Anyway, and to cut a long story short, the popularity of the True Finns hovered around 6 per cent – until the global financial crisis gradually hit the eurozone. From February 2010 onwards the popularity if the True Finns began a steep, dramatic and seemingly unstoppable rise, reaching 19 per cent in the elections in April. Now it is around 23 per cent, making True Finns the most popular party if Finland.

    The party leader, Mr. Soini, has explained that there can be only one explanation for this extraordinary rise: it is the bailout of the ailing euro countries. Indeed, to keep that trump card to himself, Soini refused to participate in any government that did not reverse course on euro bailouts. Once this had happened, there was no other option, unless Finland wanted to follow Belgium’s path to permanent political interregnum, but to create a very broad coalition of parties (sort of rainbow coalition, called here as “sixpack”) ranging from the Conservatives (“National Coalition Party”), Christian Democrats and Swedish People’s Party from the centre and right to Greens and Social Democrats and Left Alliance to the left.

    The problem here is that such a broad coalition represents both a continuity from the previous centre-right government that had followed at the footsteps of IMF/EU/ECB troika, and a very broad diversity of sentiments and views on how to deal the euro crisis. While the message of the True Finns is simple, against bailouts, euro and ultimately EU, the policy of the new sixpack government if anything but unanimous and clear. In such situations, instincts of political survival tend to dominate, and this is no exception. Hence the insistence of the new Minister of Finance, Ms. Urpilainen (Social Democrats) that a precondition for any Finnish participation to the planned new loan package to Greece – or any other ailing eurocountry, for that matter – is that Finland must have collateral, shares in some holding company (Treuhand!) to whom some of Greek national assets must to transferred.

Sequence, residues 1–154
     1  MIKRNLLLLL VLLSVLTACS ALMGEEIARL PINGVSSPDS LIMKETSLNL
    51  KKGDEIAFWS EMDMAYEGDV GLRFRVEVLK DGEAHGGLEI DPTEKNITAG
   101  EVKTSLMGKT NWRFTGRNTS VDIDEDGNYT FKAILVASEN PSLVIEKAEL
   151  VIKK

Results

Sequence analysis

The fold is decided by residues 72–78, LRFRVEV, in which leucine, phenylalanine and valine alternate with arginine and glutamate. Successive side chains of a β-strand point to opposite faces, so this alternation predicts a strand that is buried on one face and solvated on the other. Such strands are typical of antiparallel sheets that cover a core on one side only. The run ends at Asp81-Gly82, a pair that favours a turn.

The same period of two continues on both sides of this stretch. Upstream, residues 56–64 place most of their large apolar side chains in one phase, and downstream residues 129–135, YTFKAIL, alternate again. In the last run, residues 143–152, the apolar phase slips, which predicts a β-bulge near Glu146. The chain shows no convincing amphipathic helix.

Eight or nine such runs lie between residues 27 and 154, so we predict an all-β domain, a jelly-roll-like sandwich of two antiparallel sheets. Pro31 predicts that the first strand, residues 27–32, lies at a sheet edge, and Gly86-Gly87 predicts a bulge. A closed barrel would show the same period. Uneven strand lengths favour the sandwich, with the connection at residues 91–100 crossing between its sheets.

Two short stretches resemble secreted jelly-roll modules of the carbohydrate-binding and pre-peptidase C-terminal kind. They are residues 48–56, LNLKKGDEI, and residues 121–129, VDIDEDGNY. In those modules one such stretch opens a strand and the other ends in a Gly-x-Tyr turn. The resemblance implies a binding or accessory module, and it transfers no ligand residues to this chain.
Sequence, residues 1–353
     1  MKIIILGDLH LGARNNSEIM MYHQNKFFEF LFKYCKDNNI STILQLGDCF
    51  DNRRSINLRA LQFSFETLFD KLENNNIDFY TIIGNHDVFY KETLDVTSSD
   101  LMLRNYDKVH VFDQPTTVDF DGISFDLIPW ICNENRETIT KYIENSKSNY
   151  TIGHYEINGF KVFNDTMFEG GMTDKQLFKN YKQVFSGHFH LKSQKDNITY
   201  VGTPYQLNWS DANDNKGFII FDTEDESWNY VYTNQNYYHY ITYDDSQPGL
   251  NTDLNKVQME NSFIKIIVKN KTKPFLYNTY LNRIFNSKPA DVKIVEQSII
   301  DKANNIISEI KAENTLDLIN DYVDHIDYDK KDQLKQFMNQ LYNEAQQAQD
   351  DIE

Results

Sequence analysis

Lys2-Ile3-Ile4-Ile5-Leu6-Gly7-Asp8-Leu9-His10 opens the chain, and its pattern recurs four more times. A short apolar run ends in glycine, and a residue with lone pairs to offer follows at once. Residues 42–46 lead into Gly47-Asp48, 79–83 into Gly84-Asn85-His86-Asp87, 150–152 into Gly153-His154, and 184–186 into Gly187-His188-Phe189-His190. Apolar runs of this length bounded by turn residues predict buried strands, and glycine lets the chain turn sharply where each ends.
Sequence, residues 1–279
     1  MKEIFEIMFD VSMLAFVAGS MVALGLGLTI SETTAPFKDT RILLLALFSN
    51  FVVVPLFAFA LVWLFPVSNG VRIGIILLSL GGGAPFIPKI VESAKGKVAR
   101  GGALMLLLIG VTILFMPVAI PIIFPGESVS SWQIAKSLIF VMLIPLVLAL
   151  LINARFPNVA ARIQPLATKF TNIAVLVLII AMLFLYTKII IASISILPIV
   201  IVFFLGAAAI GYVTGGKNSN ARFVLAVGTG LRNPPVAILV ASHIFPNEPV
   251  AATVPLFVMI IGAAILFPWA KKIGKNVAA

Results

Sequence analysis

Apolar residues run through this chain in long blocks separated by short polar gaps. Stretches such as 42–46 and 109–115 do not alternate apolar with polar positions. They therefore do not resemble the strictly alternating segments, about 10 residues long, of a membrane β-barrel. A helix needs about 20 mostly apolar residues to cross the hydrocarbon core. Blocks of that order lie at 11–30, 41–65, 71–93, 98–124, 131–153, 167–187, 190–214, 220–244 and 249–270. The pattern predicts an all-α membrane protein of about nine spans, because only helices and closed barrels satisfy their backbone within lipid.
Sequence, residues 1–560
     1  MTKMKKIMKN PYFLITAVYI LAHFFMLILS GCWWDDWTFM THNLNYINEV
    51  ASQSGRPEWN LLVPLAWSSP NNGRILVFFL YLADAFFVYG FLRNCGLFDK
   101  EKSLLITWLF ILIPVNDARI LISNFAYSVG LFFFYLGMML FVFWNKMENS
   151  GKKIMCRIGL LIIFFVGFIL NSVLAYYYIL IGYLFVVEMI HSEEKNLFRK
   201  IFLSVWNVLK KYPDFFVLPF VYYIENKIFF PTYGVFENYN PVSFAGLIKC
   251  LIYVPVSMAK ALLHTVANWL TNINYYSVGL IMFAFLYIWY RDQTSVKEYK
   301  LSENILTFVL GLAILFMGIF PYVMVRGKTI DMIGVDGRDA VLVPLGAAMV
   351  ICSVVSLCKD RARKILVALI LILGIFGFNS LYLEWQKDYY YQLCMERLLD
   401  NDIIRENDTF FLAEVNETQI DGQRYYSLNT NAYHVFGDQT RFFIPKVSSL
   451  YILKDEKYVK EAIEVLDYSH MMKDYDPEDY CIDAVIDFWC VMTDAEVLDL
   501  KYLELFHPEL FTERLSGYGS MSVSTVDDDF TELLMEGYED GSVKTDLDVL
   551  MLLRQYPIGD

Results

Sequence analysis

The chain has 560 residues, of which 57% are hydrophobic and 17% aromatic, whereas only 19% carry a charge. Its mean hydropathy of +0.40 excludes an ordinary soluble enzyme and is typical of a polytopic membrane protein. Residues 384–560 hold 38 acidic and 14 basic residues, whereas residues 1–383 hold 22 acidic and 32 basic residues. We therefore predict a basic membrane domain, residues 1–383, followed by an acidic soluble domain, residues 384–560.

The Finnish EU Commissioner of Economic and Financial Affairs, Mr. Olli Rehn, opposes this policy and has explained that IMF is categorically opposed to the Finnish demand for collateral. However, all that is really irrelevant for the new government. For reasons of political survival, it cannot give in here. No matter how myopic this collateral-for-loans policy is – and it is! – the new government, especially the Social Democratic Party, has no choice but to defend it to the bitter end. Otherwise the government will disintegrate and new elections will produce an even vaster victory for the True Finns. All this means that the Finnish demands can lead the europolicy into an even deeper crisis sooner than what people seem to understand. Not least because such parties as Left Alliance have previously voted against bailouts of Greece and Portugal, and they cannot be seen to cave in now: they need to be able to continue voting against eurobailouts in the government, while being loyal to the overall europolicy of the government. That is easier said than done!

    Juha Savolainen alias Lencyclopedie

    • Juha, your situation in Finland is not unique. If there would be elections in Austria or Germany you would get the same results. The Netherlands already has an anti EU party with Wilders. If he plays it smart he will win a lot of votes due to the the looming transfers.

      I hope Finland will block the lunatics in Brussles. If not Finnland, it will be Slovakia, Austria or the German Supreme Court in Fall.

    • @Knut34

      Are you in favor of the dissolution of the EU? I mean, the Union as a whole and not just the eurozone.

    • @Estrangeiro: No. I am in favor of a EU as it meant to be by its founders. Free trade, free movement of people, freedom of establishment, common minum standards regarding certain laws.

      What I oppose is the non democratic EU we have at the moment. The existance of the EU parliament is just window dressing the “politbureau” called European Comission.

  • Sorry. But you are way to nice in your judgement of Jean-Claude Juncker. His ignorance of how modern money and bond markets works is stunning. From the Wall Street Journal:

    ”The debt level of the USA is disastrous,” Mr. Juncker said. “The real problem is that no one can explain well why the euro zone is in the epicenter of a global financial challenge at a moment, at which the fundamental indicators of the euro zone are substantially better than those of the U.S. or Japanese economy.”